The glow of imminent stardom flickers like Saturn’s rings around Claire Foy, who will be back as Elizabeth Regina in season two of The Crown next month. Directors from Steven Soderbergh and La La Land’s Damien Chazelle to Evil Dead’s Fede Alvarez have lined up to work with the prolific but previously little-known 33-year-old British actress. Far from being in character when we meet for chamomile tea at the chic London members’ club Quo Vadis, she is wearing tortoiseshell glasses, her blondish hair scraped back with visible roots—the remnants of her role in her recent movie Breathe, opposite Andrew Garfield—and a denim jumpsuit from Citizens of Humanity. (There’s no such thing as a bad jumpsuit day in Foy’s book; at the Emmys in September, she arrived in a silver-trimmed black version by Oscar de la Renta.) By the time you read this, she and her jumpsuits will have decamped to Atlanta to film Chazelle’s First Man, which traces America’s determination to get its man on the moon before the Soviets. Foy plays Neil Armstrong’s wife, Janet, opposite Ryan Gosling.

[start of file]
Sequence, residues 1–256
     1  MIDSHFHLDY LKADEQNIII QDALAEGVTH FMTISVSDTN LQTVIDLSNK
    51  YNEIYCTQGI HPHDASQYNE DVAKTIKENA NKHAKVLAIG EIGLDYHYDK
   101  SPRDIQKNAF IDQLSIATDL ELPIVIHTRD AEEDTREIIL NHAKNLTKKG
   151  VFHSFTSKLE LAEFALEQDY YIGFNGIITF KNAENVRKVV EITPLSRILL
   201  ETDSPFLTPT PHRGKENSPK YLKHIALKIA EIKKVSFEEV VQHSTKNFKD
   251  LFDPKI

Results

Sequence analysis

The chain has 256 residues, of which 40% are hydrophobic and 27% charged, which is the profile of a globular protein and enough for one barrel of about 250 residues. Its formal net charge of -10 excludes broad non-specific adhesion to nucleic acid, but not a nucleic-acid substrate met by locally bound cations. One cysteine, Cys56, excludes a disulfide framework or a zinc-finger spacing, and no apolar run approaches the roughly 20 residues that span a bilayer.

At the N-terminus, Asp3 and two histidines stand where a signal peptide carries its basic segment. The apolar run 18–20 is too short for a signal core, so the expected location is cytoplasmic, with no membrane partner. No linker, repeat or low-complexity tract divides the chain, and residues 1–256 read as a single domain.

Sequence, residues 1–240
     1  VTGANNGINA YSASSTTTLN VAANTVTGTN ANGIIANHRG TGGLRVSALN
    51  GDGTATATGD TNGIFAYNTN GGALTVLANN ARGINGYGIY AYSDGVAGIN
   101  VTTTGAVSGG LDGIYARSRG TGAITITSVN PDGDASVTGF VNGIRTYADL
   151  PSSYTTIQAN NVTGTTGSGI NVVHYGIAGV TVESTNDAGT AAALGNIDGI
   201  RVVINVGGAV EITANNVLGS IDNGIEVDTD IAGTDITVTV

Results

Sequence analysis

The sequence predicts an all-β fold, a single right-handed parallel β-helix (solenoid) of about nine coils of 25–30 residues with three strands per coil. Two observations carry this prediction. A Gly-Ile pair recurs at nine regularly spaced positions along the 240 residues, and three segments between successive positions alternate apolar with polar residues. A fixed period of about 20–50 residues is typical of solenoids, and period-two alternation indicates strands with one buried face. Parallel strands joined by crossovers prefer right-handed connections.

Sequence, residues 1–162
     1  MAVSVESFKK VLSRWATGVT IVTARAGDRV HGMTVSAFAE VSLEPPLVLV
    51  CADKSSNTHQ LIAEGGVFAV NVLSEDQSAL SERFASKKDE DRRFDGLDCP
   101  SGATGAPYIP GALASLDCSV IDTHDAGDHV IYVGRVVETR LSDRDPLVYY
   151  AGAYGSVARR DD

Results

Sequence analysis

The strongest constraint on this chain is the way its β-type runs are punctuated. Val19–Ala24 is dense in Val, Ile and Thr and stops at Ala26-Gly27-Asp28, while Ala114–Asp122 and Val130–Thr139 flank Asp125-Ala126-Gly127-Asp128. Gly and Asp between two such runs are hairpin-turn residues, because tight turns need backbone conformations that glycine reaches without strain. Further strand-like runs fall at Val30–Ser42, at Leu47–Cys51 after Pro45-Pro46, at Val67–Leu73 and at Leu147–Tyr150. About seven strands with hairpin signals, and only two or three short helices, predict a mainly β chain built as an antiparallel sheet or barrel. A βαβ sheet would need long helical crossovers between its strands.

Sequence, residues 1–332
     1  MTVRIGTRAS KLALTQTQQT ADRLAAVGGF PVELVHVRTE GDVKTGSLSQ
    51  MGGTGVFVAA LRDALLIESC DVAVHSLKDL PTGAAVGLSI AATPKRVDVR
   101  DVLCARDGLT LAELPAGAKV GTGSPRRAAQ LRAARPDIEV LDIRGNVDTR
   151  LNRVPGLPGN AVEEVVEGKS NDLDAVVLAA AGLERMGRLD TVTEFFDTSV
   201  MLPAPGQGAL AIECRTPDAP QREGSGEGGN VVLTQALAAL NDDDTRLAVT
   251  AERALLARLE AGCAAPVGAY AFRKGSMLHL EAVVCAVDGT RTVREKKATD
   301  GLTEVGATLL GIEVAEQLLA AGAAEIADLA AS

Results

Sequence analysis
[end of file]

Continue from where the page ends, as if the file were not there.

Continue reading Claire Foy on the Second Season of ‘The Crown’, Going Blonde & Early Bedtimes
By: Anne Marie Scanlon
From Tesco to the Tower and after two coronations, actress Claire Foy has never lost her head
As someone who studied history to post-graduate level, reads history books for fun and gobbles up historical fiction, I was beside myself with excitement when I heard the BBC was dramatising Hilary Mantel’s Wolf Hall, the Man Booker Award winner 2009.
Transferring beloved books onto both the big screen and the small is a notoriously tricky task but director Peter Kosminsky’s adaptation was a unanimous hit.
The casting was superb throughout – from the bit players to Mark Rylance as Cromwell and Damien Lewis as Henry VIII.
To my mind though, Claire Foy, who I had never heard of at the time, stole the show as a magnificent, complicated, wholly credible, Anne Boleyn.
Wolf Hall won many awards and although Foy was nominated for several she didn’t get one gong, when really she should have won ALL the awards.